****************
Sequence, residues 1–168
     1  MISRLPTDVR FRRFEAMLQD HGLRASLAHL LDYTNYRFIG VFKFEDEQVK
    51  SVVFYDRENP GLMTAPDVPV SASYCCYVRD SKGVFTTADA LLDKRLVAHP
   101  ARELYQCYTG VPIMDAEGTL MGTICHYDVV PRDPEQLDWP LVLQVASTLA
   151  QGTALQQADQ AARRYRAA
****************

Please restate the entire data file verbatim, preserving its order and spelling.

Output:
Sequence, residues 1–168
     1  MISRLPTDVR FRRFEAMLQD HGLRASLAHL LDYTNYRFIG VFKFEDEQVK
    51  SVVFYDRENP GLMTAPDVPV SASYCCYVRD SKGVFTTADA LLDKRLVAHP
   101  ARELYQCYTG VPIMDAEGTL MGTICHYDVV PRDPEQLDWP LVLQVASTLA
   151  QGTALQQADQ AARRYRAA